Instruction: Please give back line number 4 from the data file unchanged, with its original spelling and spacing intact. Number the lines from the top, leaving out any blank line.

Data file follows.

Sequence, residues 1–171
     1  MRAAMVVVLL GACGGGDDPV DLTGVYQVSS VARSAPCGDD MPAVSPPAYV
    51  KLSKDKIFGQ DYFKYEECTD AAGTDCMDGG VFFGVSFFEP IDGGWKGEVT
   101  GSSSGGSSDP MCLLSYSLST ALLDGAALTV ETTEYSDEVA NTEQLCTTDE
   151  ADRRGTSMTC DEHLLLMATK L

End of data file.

   101  GSSSGGSSDP MCLLSYSLST ALLDGAALTV ETTEYSDEVA NTEQLCTTDE